The six rewritten fairytales in this book are The Wolf and the Seven Little Kids; Cinderella; The Little Mermaid; and the remaining three from slightly more obscure folk tales, including one based on a story from one of favourite mythologies, the Irish Tir-na-nog. To be honest, across the two collections I liked the stories more when they were based on the well-known fairytales, just because these tales are so familiar that it’s so interesting to see how these authors interpret and update them.

I was so delighted to see Victor Kelleher in this collection, rewriting an Irish folktale, Birthing. Practically every library trip I took as a teen, I would hunt down any of his books, and he has written one of my all time fav YA novels, Parkland. When I was thirteen years old, I had never read anything like the worlds he created, and the emotion in these stories was so often spot on. Birthing was an engaging story, although not one of my favourites in the collection, and I only knew the original story because I have quite a fondness for British and Irish folklore, and this is kind of the quintessential faerie story. Kelleher sets up the scene and the concept with lots of intrigue and peril, and the final showdown is very satisfying, if a little short. But I just love seeing Kelleher in this collection, and if you have a chance to unearth any of his older YA books I think it will definitely be worth your while.

Catherine Bateson’s Learning the Tango (The Little Mermaid) and Maureen McCarthy’s The Ugly Sisters (Cinderella) are the stories that come closest to their classic fairytale counterparts. I loved Learning the Tango, and think it just fantastic and also awesome of the publishers that Bateson wrote her version in free verse. It takes a bit to get into the style, but once there, it is very accessible and some beautiful insights can be found from the prince, the Little Mermaid, and her sisters. It has all the lovely sadness of the original but with a nice, sparky ending. Some of the lines I underlined just because they were so gorgeous. Loved it. The Ugly Sisters was great to hear from the perspective of the two sisters, and the mother, but I found them as characters just really horrible and couldn’t warm to the story. Even Cinders started to bug me at the end, although McCarthy did have a few great moments where she subtly let the father figure show a bit of backbone. And there was some great menacing action by the black birds in the backyard. But ultimately I found the birds the most enjoyable characters, and their watchful presence over the household the most exciting thing that happened.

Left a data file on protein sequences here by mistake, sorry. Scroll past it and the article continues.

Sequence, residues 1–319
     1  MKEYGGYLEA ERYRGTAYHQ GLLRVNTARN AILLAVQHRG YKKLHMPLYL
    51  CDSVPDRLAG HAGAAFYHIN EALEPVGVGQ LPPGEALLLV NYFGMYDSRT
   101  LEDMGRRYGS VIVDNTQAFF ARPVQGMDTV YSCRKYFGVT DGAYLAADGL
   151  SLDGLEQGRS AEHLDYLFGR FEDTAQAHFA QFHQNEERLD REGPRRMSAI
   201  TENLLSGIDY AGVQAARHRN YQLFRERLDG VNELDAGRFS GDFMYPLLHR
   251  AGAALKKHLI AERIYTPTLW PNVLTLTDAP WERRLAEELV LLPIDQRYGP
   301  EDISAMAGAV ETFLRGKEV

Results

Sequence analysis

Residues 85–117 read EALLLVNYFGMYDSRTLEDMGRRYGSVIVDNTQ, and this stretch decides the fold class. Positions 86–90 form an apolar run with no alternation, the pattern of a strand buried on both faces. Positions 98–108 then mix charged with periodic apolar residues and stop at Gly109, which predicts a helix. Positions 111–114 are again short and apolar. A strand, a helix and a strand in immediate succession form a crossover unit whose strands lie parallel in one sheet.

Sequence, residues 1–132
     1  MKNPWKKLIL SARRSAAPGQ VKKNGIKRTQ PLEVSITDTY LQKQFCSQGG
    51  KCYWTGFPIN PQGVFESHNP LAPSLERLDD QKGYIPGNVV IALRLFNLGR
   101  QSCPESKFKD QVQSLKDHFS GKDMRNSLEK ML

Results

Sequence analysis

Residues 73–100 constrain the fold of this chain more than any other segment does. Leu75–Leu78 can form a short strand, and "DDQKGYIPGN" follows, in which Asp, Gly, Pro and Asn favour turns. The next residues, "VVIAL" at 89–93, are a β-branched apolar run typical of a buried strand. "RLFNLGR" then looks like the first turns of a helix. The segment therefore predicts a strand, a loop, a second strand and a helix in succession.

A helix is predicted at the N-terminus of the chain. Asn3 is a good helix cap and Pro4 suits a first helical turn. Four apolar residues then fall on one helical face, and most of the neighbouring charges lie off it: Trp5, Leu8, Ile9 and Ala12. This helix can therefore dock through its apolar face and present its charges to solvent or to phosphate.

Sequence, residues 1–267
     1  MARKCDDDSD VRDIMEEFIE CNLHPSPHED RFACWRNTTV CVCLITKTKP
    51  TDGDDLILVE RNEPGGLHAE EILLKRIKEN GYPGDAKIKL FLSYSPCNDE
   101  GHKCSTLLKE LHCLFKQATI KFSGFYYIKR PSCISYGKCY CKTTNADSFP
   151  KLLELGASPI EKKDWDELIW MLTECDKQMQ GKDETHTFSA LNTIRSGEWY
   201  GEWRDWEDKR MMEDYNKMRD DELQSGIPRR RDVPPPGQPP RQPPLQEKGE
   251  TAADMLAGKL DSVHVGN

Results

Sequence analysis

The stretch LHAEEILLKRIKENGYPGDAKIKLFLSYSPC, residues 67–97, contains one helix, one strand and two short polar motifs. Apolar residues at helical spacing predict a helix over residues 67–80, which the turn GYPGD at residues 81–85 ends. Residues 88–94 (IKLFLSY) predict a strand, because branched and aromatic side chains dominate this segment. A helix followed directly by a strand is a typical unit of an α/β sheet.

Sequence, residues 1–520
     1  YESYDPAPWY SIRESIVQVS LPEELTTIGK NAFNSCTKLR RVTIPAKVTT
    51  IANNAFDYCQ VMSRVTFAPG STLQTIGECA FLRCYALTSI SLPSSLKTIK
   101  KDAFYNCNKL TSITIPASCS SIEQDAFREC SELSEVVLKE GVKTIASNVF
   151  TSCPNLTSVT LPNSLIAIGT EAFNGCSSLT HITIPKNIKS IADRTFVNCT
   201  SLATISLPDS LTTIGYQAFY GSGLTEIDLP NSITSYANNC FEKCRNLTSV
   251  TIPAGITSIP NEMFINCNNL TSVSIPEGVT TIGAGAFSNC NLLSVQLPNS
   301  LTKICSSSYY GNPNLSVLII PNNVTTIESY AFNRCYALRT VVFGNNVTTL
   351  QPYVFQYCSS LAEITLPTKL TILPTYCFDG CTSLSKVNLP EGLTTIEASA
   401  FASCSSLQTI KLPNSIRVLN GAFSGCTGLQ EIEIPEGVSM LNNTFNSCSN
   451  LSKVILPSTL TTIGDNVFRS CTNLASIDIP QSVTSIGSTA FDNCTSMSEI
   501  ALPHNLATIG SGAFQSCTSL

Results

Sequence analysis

I couldn’t really warm to Nan McNab’s Glutted, also based on a slightly obscure folktale. It made me feel rather queasy, and the ‘love interest’ character I found repulsive – I guess that’s a sign of writing well done, though, if the story can invoke such strong emotions. And I did like the ‘mother’ character. The style of it reminded me a bit of Margo Lanagan’s ‘The Goosle’ – it has that same abject feel to it.

Kate Thompson’s Glamour did not quite fit comfortably into the book as a whole. It was well-written, and had a lovely reflective quality, but it was also distinctly adult in flavour and felt like a bit of an outsider. Actually on the whole the stories in Volume 2 have a much more adult feel than in Volume 1. Which is fine but I feel like the audiences for the two different volumes are slightly different.

Cate Kennedy’s Seventy-two Derwents (Wolf and the Seven Little Kids) was just lovely. This is the story that gets it most right emotion-wise, and is a great example of how such a short and simple fairytale can be re-imagined and picked apart and built upon to create a whole new emotive meaning. The central character is gorgeous – I couldn’t help but wish for anything but a happy ending for her, and the relationship she has with her sister is a great example of how a great writer can show complexity and love in such a small amount of words. I found it really clever how Kennedy transferred the story across into the contemporary world. Probably my favourite story in Volume 2.

Once again, was interesting to see how the authors had interpreted the original stories in the ‘Afterwords’. And, unlike the first Volume, I did not have a problem with overly sentimental happy endings – the endings for these stories were more of the bittersweet kind – another favourite of mine.

On the whole I think publishing the Tales from the Tower concept was a brilliant idea, and it was really fantastic to have that kind of calibre of Australian writers in one collection. Some of the stories were hit and miss, and I do wish that all the stories had been based on classic fairytales, as I think it would give the collection a greater sense of unity. But still wonderful. And absolutely gorgeously designed too.

Wednesday, February 1, 2012

Newbery, Caldecott & the Today show

An article above from USA website, Publishers Weekly. Found the whole thing rather sad - both authors (especially winners of the Newbery & Caldecott) and children's literature needs every bit of media exposure it can get. People need to be reminded that reading and writing is still as important today as ever and these authors are at the top of their game in sharing their imaginations with the world. Disappointing.